Secondhand furniture shopping is here to stay, but the eras that are on-trend fluctuate.
The price of secondhand furniture is rising on a tide of millennial adoration for clean lines, rounded edges, eco-conscious thrifting, and minimalism with a bit of spice.
Crafters and curators savvy enough to know which eras are trending can surf that wave right out of the 9 to 5 and into the bank.
Because increasingly, 30-somethings are willing to pay the big bucks for interiors.
Head of department at auctioneers Webb’s, Ben Erren, 30, identifies three major trends in decorative arts for 2021.
The first is that people are paying more for their secondhand furniture across the board. A lot more.
Spending has trended upward beyond an auctioneer’s wildest dreams because people still aren’t able to travel overseas, , he says, and have spent a lot of time in their homes over successive lockdowns – more than enough to prompt renovation and redecoration.
“We’ve seen prices for than object that would have gone for $2000-$4000 pre-Covid go in a competitive auction for $9000-$12000. People are really pouring their money into quality design.”
Items considered to be extremely rare in an international market have drawn prices like $60,000 for a bench seat, and $45,000 for a set of chairs: “There is a definite trend of people being less shy with spending big money to get quality pieces, at all levels of the market.”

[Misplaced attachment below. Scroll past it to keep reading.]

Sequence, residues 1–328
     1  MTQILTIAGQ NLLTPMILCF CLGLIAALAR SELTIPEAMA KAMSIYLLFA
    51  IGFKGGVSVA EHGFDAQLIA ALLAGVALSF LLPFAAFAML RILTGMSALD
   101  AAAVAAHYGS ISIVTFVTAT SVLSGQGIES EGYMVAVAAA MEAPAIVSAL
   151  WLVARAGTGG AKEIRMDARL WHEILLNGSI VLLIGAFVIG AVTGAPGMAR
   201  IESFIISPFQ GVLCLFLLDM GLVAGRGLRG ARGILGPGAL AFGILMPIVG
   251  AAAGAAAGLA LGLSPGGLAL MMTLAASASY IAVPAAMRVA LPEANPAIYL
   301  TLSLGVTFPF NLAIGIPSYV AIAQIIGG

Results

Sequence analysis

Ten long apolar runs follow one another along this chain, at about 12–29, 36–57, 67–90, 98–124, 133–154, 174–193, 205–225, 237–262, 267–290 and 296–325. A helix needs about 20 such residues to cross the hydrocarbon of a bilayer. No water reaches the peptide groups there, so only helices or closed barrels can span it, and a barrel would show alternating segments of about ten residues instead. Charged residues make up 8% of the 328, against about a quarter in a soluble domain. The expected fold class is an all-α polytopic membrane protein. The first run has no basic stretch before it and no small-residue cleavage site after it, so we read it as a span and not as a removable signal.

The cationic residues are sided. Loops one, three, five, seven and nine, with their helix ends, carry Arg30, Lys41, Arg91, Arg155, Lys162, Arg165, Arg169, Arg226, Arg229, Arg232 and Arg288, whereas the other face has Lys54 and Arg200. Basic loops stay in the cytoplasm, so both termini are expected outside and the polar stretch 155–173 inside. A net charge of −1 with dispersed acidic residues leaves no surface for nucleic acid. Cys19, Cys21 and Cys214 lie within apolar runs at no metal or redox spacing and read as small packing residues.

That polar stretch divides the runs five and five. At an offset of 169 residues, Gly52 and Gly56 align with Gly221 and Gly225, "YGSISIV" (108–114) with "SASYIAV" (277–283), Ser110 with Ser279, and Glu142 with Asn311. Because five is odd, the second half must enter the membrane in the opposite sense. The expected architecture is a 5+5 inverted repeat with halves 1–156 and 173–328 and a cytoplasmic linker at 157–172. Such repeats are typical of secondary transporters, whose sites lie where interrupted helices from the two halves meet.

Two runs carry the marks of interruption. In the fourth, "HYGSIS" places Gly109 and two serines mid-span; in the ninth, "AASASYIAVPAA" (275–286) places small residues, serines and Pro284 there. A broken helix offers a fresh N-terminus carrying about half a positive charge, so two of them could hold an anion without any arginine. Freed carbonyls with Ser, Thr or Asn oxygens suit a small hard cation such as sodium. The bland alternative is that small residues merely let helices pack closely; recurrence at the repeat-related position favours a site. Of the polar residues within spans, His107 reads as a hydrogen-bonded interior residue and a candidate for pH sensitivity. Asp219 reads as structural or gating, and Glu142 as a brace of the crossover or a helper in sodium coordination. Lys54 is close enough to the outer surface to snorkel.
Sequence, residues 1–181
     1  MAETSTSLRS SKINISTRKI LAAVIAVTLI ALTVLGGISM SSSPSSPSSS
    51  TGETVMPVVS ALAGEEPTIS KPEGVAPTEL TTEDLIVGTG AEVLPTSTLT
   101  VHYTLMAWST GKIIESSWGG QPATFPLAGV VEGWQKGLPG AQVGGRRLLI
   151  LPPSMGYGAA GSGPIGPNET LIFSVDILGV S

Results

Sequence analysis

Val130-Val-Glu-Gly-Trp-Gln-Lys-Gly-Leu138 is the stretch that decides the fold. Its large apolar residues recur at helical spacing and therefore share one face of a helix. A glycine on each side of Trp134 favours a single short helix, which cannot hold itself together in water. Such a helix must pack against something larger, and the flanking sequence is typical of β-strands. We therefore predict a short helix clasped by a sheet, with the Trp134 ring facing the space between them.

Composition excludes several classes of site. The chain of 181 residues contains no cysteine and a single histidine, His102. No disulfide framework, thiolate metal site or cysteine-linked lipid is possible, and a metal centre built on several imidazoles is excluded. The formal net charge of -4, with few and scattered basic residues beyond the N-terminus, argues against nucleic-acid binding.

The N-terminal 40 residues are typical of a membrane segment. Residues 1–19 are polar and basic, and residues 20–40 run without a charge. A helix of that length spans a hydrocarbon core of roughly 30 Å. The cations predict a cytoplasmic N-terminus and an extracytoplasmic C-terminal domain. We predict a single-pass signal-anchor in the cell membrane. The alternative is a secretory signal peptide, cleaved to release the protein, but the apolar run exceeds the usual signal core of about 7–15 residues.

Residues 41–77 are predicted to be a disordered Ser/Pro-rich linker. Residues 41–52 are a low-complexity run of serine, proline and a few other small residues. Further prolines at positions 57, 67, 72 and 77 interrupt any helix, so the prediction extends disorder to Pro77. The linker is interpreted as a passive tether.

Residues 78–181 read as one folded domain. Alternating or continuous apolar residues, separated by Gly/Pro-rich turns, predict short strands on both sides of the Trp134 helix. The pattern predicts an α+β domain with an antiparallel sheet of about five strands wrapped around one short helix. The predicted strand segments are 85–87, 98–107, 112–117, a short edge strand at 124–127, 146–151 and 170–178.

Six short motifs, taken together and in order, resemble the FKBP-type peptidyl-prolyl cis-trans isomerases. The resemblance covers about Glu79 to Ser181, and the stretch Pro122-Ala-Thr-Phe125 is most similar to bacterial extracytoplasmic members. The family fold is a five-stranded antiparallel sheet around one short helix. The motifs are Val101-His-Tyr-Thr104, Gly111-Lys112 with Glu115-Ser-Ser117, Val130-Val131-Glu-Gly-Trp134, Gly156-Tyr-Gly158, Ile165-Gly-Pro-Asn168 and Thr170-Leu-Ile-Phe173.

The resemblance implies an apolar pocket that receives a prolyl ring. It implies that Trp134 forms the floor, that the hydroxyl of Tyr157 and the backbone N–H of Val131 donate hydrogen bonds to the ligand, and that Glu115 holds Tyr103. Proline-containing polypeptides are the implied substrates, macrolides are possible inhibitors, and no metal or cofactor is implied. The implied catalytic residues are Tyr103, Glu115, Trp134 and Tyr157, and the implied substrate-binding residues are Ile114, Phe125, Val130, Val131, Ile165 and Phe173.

The category to get the most noticeable boost is NZ designers.
The kind of money people are now willing to spend on vintage Kiwi designs was traditionally reserved for only the most famous Danish and Sacandinavian names. But a Marilyn Sainty cocktail chair, for example, was estimated to be worth $1500-$3000. It recently sold for $5400.
“Her designs are quite iconic, but previously they didn’t demand the prices international names could get” said Erren.
Customers coming to the auction houses are also getting younger, he adds. And if they’re not shopping at the top end of the market, they’re scrounging around opshops and Instagram.
Trade Me’s data comparing average sale prices from 2015 compared to 2020 supports that. The ‘art deco & retro’ category recorded a 7 per cent increase overall, while art deco and retro furniture had a 17 per cent increase.
Furniture and woodenware listed under ‘antiques & collectibles’ increased in price by 7 per cent.
“A lot of Kiwis look for rare and hard-to-find homeware pieces that they know they won’t be able to find in stores,” said head of marketplace, Ivan Fuyala. “We know mid-century furniture is popular with our members because we’ve seen over 10,000 searches in the past week.”
Mid-century has been bread and butter for the past three to five years in auction houses too, said Erren, and that shows no signs of changing.
“It fits in naturally with any contemporary or character home, and a lot of Kiwi homes were built during that time period. So it’s not going anywhere.”
In terms of the trends we’re likely to see next, say hello to Hollywood Regency and Memphis Design. Those styles were big in Los Angeles a year or two ago, and are starting to head to our shores.
“You can see shops like Mid Century Swag bringing it in. They’ve loaded up on Hollywood Regency and Memphis styles, and it appears to be selling really well,” Erren said.”
Hollywood Regency came out of the golden age of movie-making in the 1930s. Producers and directors wanted to bring extra star power to their films, so they decorated with serious opulence in mind. Think rich textures like velvet and furs, bold colours and patterns, gold finishes, luxe accents like chandeliers, and lacquered everything.
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